The U.S. House and Democratic state attorneys general from around the country on Friday asked the Supreme Court to step in and decide the fate of the Affordable Care Act, following an appeals court’s decision that the law’s individual mandate was unconstitutional.
“We’re asking the Supreme Court to swiftly resolve this repeal lawsuit for the sake of saving lives and ending uncertainty in our healthcare system,” California Attorney General Xavier Becerra said in a statement accompanying the news.
The parties also asked the Supreme Court to expedite consideration of the case, given its implications for the country’s health care system.
If the Supreme Court grants the request to take up the appeal, it stands to elevate health care as a major issue going into the 2020 election. Republicans’ failed attempt to repeal Obamacare played a defining role in Democrats’ 2018 takeover in the House.
The Justice Department has argued in the case that not only is the Obamacare mandate now unconstitutional, but that the entire law — including its Medicaid expansion and the its protections for pre-existing conditions — must also be invalidated.
The blue states and the U.S. House are asking the Supreme Court to consider whether the individual mandate was made unconstitutional by a provision in 2017’s GOP tax law making the mandate fine $0, and, if constitutional, whether the mandate can be severed from the rest of the health care law. It is also asking the court to review whether the red states who are seeking to dismantle the Affordable Care Act even had the standing to bring the lawsuit in the first place.
It only takes the votes of four justices to agree to take up a case, meaning the Democratic appointees on the court could grant to review — particularly if they think that Chief Justice John Roberts, who has twice before voted uphold Obamacare — would again be on their side.
While it always seemed likely this case would make it to the Supreme Court’s door step, particularly after conservative-leaning lower courts ruled against the Affordable Care Act, the timing of such a request for review had been unclear until now.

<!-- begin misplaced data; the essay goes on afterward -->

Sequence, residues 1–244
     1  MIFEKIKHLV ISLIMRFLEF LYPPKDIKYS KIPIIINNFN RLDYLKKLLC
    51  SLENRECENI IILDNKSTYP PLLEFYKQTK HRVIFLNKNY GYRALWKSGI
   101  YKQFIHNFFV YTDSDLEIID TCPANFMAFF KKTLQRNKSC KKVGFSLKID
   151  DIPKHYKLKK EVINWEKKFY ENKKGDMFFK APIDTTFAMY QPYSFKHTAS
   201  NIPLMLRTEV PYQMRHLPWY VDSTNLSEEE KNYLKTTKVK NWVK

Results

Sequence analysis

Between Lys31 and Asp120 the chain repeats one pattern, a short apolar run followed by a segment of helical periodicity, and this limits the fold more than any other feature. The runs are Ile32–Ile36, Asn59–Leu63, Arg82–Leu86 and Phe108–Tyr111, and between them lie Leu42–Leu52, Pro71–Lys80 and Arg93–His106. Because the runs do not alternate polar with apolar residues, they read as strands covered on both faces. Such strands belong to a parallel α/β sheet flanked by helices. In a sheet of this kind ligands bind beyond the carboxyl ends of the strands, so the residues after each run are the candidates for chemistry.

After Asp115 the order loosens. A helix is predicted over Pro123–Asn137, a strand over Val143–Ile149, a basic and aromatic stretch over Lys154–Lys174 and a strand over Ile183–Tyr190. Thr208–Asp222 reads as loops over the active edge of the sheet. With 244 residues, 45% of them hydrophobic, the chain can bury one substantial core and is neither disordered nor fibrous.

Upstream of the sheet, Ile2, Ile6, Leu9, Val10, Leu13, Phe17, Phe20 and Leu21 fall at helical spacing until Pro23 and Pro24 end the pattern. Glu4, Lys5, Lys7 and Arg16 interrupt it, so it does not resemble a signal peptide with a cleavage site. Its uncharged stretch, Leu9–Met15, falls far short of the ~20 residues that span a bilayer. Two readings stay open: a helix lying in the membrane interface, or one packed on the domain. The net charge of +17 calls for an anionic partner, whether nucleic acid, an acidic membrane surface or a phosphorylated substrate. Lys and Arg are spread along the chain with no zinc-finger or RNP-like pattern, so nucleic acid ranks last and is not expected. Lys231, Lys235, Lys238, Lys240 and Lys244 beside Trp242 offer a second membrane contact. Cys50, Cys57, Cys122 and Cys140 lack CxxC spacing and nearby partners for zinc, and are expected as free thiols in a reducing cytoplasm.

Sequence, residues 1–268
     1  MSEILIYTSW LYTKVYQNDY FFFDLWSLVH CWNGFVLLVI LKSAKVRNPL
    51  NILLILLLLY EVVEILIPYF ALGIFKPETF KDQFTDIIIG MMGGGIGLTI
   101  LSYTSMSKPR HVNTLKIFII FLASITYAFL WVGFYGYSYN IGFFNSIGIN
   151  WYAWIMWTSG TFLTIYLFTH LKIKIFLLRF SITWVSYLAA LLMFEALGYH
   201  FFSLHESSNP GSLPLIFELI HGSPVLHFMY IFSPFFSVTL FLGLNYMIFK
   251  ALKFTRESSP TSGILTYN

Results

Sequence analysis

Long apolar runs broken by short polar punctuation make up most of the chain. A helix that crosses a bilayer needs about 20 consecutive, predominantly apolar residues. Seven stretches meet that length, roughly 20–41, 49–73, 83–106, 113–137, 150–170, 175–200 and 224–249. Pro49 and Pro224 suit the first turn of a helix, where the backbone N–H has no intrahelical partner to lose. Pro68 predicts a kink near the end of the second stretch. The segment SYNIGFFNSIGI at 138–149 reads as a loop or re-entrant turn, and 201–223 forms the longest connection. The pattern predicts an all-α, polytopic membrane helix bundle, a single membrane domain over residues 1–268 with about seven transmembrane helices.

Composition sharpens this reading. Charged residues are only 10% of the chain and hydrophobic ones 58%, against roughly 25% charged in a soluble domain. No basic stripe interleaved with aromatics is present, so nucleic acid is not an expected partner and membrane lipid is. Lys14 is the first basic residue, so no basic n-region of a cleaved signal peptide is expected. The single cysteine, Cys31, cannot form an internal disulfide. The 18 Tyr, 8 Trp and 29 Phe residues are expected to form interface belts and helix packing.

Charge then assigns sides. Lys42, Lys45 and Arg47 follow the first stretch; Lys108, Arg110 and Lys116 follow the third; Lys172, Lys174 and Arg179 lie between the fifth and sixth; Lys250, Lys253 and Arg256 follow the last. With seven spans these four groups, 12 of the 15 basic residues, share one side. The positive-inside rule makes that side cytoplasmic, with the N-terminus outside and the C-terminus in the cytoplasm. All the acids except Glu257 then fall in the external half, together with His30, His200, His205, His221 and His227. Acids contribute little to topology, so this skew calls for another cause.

When the district judge ruled in favor of invalidating the entire law in 2018, he put the decision on hold for it be appealed. The appeals court, in its ruling last month, also set up a circumstance for the case to be slow rolled. While affirming that the mandate was unconstitutional, it asked the district court to re-examine its decision as to whether the rest of the law can be severed from the mandate.
Nonetheless, the House and Democratic attorneys general made the calculation to bring the case to the Supreme Court right away. They also filed briefs laying out an expedited schedule that would allow for the Supreme Court to hear oral arguments this spring. While it takes only four votes for the Supreme Court to take up a case, five justices must agree to expedite it.
The appeals court decision, the House said in its request for expedited consideration of the case, poses “a severe, immediate, and ongoing threat to the orderly operation of healthcare markets throughout the country, casts doubt over whether millions of individuals will continue to be able to afford vitally important care, and leaves a critical sector of the nation’s economy in unacceptable limbo.”
The case puts the GOP — and particularly vulnerable Republican senators — in an uncomfortable position politically. Many of them made statements ahead of the passage of the 2017 tax law asserting that it would not undermine Obamacare’s more popular provisions — including the pre-existing conditions protections — and have since distanced themselves from the lawsuit.
“Numerous legislators made clear that their support for the 2017 amendment was contingent on their understanding that all other provisions of the Act—particularly its protections for people with preexisting conditions—would remain in force,” the Democratic attorneys general said in their request the justice take up the case.
The Justice Department, reportedly at the behest of White House chief of staff Mick Mulvaney, has only doubled down on its support of the GOP lawsuit, by expanding its position last year to argue that all of the Affordable Care Act must go down, not just certain provisions.
Below, read the state attorneys generals’ petition to the Supreme Court and their request for expedited consideration, followed by the House of Representatives’ petition and its request for expedited processing.
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